April 1943: Captain Jack Glover tried to have Desmond Doss discharged from his Army company. A Contentious Objector, Doss wasn’t like the other soldiers. He didn’t eat meat, refused to carry a rifle or work on Saturday, his Sabbath. And he prayed all the time. Fellow soldiers ragged Doss constantly and sarcastically nicknamed him Holy Joe.
Desmond Doss grew up a devout Seventh Day Adventist in Lynchburg, Virginia. His mother was the spiritual influence in his life, his father an alcoholic carpenter. Desmond once wrestled a gun from his drunken father who planned to use it on Desmond’s uncle. Afterwards, the teenager swore never to use a weapon.
With the advent of World War II, Desmond joined the Army. The Private First Class soldier became a medic in B Company in the 77th Infantry Division and shipped off to the South Pacific. Desmond went to war without a gun. He took only the pocket Bible his wife gave him and his faith.
The battle for Okinawa, a small island off the coast of Japan, began on April 21, 1945. The island was one of the last stepping-stones to the Japanese mainland. Japanese soldiers manned machine-gun posts and were hunkered down in caves. The Japanese stronghold was atop a 400-foot cliff U.S. soldiers referred to as Hacksaw Ridge. Taking the ridge was critical to the taking the island.
On April 29, after several failed attempts to take the ridge, B Company made another attempt. Soldiers used wooden ladders and cargo nets to scale the cliff. Then they had to work their way through booby traps while under heavy machine gunfire. It was bloody – more than half the soldiers in B Company were wounded on the ridge.
For 12 hours, 5’8” and 145 pound Desmond Doss ran into enemy fire to rescue his wounded comrades. One at a time, he carried them to the cliff and lowered them to safety in a basket. One soldier was rescued only 25 yards from a Japanese machine-gun bunker. After rescuing each soldier, Desmond prayed, “Lord, help me to rescue another one.”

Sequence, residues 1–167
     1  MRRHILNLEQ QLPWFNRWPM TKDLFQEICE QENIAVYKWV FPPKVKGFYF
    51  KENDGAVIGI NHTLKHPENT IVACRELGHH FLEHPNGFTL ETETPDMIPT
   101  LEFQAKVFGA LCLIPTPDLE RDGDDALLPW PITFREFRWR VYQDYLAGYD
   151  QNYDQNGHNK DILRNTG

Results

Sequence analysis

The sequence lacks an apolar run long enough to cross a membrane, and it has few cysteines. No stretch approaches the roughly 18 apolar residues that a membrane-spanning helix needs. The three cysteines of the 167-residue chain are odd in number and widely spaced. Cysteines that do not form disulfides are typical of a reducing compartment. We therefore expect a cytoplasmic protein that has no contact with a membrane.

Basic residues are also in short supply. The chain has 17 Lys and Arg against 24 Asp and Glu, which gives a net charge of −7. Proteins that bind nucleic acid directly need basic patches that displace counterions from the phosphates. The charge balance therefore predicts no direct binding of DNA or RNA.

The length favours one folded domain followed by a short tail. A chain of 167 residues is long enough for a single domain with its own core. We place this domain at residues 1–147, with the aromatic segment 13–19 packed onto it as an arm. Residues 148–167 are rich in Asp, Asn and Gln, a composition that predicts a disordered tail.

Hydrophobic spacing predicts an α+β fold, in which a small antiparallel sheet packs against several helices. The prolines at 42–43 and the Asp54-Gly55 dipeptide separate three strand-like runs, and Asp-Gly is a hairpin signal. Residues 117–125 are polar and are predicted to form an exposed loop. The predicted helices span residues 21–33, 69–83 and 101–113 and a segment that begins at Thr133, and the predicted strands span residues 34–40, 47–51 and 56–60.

Desmond Doss rescued 75 men that day. None died. Later, when a reporter asked how Desmond saved that many men without getting shot, and how no one died that day, a soldier responded, “Doss prayed.”
The grisly battle wore on and the night of May 21, grenade shrapnel hit Desmond in his hip and leg. He treated himself and planned to rescue more wounded until his commanding officer ordered him to the rear for medical attention. While Desmond was waiting to be transported, a shot from a Japanese sniper shattered his arm from the elbow to the wrist.
Aboard the hospital ship USS Mercy, doctors splinted Desmond’s arm and removed 27 pieces of shrapnel from his hips and legs. A few days later, when Desmond realized he had lost his Bible, his fellow soldiers found it and returned it to him. On June 12, after 52 days, the Allied forces finally captured Hacksaw Ridge and the island of Okinawa.
The battle for Okinawa was the bloodiest and last WWII battle in the Pacific. More than 12,000 Americans died on the island and 49,000 were wounded. More than 110,000 Japanese died defending Okinawa.
For his bravery, Corporal Desmond Doss received two Bronze Stars and three Purple Hearts. On October 12, 1945, in a ceremony at the White House, President Harry Truman presented Desmond the Congressional Medal of Honor, the military’s highest honor. More than 42 million Americans have served in the military during wartime. Only 3,500 have received the Medal of Honor including just three conscientious objectors.
After the war, Desmond spent six years in and out of hospitals being treated for war wounds and tuberculosis, which he contracted on Okinawa. Despite his injuries, he worked and raised a family on a small farm in north Georgia. In 2006, Desmond Doss died at his home in Piedmont, Alabama, at age 87 and is buried in the National Cemetery in Chattanooga, Tennessee.
“Desmond was not one to give up. He didn’t know how.” Harold Doss, brother
One of my favorite stories and movies.
Great story. I saw the movie too. We need more like him.
This was very interesting–I did not know about this about this Corporal Doss. He certainly deserved all that recognition.